The likeliest scenarios would be slow to develop, give people plenty of time to process, and involve distances far enough away that it would just be abstract information to most people - e.g., telescopic observations of atmospheric chemistry indicating processes we recognize as necessarily artificial.
The article is mostly about people finding out about alien microbial life.
Also, they surveyed a bunch of random people about they THINK they would feel. There's a big difference between that and how they would actually feel.
Well, yeah, I figure the most accurate representation of us in a first-contact scenario was probably District 9. Shitloads of curiosity followed by a complete lack of interest after a few weeks as governments figure out how to react
The issue is that the article stated the hypothetical scenario was around microbial extraterrestial life (and not complex beings such as humans).
I don't want to disregard the studies due to this fact, but it's difficult to take it with much weight when we still have issues with treating other HUMANS equally. Of course microbial life wouldn't cause much controversy - chances are we wouldn't see such positive responses if a being complex enough to change popular beliefs came to give Earth a visit.
That's because we don't understand how dangerous we are. Once aliens figure out that wherever we go we devastate both nature and our fellow human beings, then we should worry.
The full research article, [How Will We React to the Discovery of Extraterrestrial Life?](https://www.frontiersin.org/articles/10.3389/fpsyg.2017.02308/full
) was published in the journal, *Frontiers in Psychology*.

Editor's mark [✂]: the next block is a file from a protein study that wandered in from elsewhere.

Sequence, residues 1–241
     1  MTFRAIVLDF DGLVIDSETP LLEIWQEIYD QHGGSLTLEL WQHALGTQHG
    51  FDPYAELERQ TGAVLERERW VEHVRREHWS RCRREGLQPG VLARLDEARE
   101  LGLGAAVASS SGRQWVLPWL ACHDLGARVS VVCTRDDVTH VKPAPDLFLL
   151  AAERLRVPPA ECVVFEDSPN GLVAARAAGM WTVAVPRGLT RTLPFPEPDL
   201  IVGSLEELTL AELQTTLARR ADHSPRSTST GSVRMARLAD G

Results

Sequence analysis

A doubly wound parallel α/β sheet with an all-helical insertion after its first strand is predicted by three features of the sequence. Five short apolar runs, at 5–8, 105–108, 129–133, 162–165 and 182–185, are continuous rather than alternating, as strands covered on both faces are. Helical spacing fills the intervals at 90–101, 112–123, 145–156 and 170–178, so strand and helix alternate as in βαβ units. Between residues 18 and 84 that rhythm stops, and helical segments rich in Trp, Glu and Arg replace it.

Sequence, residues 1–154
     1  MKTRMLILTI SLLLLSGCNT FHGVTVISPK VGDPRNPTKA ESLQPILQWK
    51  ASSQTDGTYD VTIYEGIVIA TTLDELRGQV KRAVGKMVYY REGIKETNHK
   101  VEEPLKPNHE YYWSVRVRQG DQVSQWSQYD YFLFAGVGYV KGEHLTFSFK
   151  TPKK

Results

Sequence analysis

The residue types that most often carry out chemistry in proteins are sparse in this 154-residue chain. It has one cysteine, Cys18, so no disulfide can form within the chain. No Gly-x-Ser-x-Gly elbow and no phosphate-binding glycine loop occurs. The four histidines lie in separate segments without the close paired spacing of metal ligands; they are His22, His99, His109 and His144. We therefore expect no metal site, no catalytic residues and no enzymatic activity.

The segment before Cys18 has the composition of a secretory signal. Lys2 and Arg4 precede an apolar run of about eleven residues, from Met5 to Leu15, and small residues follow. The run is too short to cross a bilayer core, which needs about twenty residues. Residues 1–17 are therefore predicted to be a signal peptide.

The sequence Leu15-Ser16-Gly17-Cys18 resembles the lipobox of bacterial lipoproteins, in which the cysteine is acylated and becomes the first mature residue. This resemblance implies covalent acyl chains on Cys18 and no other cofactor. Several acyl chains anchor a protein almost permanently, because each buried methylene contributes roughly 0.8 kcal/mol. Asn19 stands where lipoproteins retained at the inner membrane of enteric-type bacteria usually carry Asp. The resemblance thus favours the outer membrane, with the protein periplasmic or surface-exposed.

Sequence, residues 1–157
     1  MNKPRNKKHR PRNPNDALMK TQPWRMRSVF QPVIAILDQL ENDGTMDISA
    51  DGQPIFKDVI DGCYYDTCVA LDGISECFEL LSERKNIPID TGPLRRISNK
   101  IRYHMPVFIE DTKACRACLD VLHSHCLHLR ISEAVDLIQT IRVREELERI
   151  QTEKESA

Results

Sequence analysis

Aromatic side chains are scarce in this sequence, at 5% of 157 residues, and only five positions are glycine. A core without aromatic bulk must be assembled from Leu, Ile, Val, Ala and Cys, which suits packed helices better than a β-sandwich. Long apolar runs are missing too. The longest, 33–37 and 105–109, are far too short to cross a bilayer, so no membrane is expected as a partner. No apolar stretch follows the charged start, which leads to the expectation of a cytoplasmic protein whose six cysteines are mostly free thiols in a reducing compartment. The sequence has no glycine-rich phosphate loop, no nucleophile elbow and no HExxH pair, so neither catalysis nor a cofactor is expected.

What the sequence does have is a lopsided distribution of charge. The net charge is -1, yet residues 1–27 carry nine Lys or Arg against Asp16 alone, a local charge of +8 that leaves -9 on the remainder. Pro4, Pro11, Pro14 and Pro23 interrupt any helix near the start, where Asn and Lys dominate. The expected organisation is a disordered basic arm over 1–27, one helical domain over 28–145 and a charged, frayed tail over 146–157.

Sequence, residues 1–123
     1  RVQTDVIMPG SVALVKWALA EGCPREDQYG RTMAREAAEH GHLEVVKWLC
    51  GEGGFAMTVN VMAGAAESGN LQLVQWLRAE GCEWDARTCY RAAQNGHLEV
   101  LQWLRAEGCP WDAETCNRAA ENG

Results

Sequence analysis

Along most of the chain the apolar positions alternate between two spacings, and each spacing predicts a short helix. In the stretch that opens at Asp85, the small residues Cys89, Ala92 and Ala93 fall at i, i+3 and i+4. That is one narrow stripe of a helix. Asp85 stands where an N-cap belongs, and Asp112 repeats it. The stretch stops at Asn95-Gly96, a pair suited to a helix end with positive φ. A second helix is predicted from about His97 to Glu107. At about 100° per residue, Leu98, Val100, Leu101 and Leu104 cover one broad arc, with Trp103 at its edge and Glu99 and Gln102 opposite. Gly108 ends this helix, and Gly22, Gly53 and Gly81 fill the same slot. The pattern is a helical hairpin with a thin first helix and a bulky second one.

How will humanity react to the discovery of extraterrestrial life? Speculation on this topic abounds, but empirical research is practically non-existent. We report the results of three empirical studies assessing psychological reactions to the discovery of extraterrestrial life using the Linguistic Inquiry and Word Count (LIWC) text analysis software. We examined language use in media coverage of past discovery announcements of this nature, with a focus on extraterrestrial microbial life (Pilot Study). A large online sample (N = 501) was asked to write about their own and humanity’s reaction to a hypothetical announcement of such a discovery (Study 1), and an independent, large online sample (N = 256) was asked to read and respond to a newspaper story about the claim that fossilized extraterrestrial microbial life had been found in a meteorite of Martian origin (Study 2). Across these studies, we found that reactions were significantly more positive than negative, and more reward vs. risk oriented. A mini-meta-analysis revealed large overall effect sizes (positive vs. negative affect language: g = 0.98; reward vs. risk language: g = 0.81). We also found that people’s forecasts of their own reactions showed a greater positivity bias than their forecasts of humanity’s reactions (Study 1), and that responses to reading an actual announcement of the discovery of extraterrestrial microbial life showed a greater positivity bias than responses to reading an actual announcement of the creation of man-made synthetic life (Study 2). Taken together, this work suggests that our reactions to a future confirmed discovery of microbial extraterrestrial life are likely to be fairly positive.